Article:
Widow granted right to challenge husband's will despite time delay

A widow has been allowed challenge her husband’s will, which could leave her homeless, even though she began taking legal action out of time.

The husband had died in 2015. His only asset was the house where the widow had lived since 1993. She was aged 60 and disabled.

In a 2014 will, the husband had appointed his daughter as his personal representative and left her his entire estate.

Probate was granted in April 2016; the six-month time limit for bringing actions under the Inheritance (Provision for Family and Dependants) Act 1975 (the Act) expired in October that year.

In 2016, the daughter issued proceedings for possession of the house. The widow responded saying that she was entitled to seek financial provision under the Act and to challenge the validity of the will on testamentary capacity grounds.

However, she didn’t begin proceedings until February 2018, more than a year out of time.

The judge noted that the claim had substantial merit and that the widow would be rendered homeless were the house to be sold. However, she then ruled that there was no reasonable explanation for the delay in bringing the claim and refused permission.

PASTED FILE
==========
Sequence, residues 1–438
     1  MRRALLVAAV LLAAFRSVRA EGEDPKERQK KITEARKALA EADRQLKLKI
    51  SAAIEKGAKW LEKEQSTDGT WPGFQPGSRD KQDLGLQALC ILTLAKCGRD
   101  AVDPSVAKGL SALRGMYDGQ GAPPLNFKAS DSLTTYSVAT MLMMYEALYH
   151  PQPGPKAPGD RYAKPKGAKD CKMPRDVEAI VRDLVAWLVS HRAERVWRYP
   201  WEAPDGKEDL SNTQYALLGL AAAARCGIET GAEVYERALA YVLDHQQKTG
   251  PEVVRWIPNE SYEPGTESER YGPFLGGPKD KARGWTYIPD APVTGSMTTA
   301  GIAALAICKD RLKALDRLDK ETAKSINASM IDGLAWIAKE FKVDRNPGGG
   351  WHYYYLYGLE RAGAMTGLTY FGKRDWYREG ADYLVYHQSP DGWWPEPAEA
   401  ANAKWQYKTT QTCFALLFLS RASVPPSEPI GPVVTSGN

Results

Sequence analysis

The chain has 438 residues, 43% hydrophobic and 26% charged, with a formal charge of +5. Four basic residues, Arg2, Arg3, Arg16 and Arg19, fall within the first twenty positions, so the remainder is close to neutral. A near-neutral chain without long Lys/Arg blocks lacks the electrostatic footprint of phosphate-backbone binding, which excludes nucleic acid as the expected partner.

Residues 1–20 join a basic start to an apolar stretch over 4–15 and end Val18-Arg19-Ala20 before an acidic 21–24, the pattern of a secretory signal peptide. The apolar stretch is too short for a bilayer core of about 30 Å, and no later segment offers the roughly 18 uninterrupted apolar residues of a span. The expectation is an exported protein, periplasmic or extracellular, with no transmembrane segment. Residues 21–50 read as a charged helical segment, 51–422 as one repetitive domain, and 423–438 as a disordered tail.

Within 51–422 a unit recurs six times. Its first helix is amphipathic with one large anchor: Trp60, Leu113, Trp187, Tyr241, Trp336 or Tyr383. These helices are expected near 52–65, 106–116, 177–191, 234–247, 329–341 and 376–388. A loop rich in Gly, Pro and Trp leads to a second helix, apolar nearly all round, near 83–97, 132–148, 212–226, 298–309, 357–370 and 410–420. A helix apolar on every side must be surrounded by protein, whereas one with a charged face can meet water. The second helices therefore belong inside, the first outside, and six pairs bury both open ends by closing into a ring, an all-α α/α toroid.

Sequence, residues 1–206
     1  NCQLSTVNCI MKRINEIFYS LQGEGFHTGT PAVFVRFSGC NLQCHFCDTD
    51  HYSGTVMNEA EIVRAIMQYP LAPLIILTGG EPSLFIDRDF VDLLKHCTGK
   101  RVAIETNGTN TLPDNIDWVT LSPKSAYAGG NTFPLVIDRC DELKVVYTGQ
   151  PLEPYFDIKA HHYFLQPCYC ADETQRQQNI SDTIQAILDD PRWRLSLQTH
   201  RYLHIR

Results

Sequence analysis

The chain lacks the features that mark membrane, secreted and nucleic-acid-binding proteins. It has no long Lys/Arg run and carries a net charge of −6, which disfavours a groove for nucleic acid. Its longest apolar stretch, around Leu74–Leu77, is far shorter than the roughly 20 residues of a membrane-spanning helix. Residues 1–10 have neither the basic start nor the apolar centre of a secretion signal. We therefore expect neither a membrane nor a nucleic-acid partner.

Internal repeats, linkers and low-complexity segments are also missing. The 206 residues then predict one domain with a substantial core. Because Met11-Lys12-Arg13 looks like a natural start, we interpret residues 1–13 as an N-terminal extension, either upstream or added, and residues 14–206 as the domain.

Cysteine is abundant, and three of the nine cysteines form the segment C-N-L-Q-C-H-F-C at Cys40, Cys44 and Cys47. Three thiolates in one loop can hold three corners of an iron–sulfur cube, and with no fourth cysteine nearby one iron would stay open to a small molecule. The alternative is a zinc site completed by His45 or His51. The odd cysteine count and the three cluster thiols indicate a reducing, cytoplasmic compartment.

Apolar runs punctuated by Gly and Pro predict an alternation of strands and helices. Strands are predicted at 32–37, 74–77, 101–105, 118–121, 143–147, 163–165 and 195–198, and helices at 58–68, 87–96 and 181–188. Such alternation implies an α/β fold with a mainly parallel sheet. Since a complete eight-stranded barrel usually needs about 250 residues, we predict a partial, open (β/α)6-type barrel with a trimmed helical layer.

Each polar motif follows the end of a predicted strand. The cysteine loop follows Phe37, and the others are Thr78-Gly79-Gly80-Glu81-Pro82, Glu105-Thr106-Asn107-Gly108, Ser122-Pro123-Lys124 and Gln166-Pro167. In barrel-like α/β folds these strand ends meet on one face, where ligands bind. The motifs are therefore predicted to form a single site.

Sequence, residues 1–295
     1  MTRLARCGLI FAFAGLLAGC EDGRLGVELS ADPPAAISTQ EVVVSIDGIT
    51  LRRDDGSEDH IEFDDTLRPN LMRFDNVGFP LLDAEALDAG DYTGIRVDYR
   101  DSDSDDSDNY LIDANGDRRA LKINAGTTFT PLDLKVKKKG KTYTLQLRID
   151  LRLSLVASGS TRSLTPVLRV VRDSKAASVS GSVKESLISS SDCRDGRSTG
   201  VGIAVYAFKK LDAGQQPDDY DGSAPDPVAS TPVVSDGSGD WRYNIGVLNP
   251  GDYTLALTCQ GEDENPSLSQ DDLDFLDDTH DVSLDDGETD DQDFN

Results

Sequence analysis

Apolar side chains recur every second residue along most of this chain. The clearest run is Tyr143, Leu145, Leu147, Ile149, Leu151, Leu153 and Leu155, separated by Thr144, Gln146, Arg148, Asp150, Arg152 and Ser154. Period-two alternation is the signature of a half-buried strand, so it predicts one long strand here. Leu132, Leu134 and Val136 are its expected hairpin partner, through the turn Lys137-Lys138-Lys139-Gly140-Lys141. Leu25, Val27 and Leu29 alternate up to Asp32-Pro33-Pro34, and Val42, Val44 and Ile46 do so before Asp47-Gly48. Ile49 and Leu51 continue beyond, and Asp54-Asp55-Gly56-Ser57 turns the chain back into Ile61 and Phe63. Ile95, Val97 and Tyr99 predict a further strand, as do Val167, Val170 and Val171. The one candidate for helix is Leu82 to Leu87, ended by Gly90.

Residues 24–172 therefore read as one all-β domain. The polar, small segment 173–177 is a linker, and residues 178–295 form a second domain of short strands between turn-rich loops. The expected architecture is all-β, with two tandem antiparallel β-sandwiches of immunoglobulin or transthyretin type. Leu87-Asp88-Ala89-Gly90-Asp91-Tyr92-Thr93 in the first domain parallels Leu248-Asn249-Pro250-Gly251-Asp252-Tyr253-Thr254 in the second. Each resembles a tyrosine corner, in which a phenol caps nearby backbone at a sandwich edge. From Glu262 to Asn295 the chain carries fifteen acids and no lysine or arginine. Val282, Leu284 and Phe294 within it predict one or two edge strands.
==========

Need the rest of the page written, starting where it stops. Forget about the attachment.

That decision has been overturned by the Court of Appeal. It held that the judge’s decision was flawed because, although she had been bound to take into account the absence of a good explanation for the delay, she had failed to analyse the effect of that delay.

She had plainly been wrong to discount completely the fact that the widow risked losing her home.

The widow had not been legally represented by a solicitor during the period when the time limit expired, and while there had been significant delay, it had caused no real prejudice to the daughter.

In addition, based on undisputed facts, the merits of the widow’s claim were strong and should be considered.

She had lived in the house since the 1990s, she was disabled, and no financial provision had been made for her in the will. The court could use its discretion to let her pursue her claim.

Please contact us if you would like more information about the issues raised in this article or any aspect of wills and probate.

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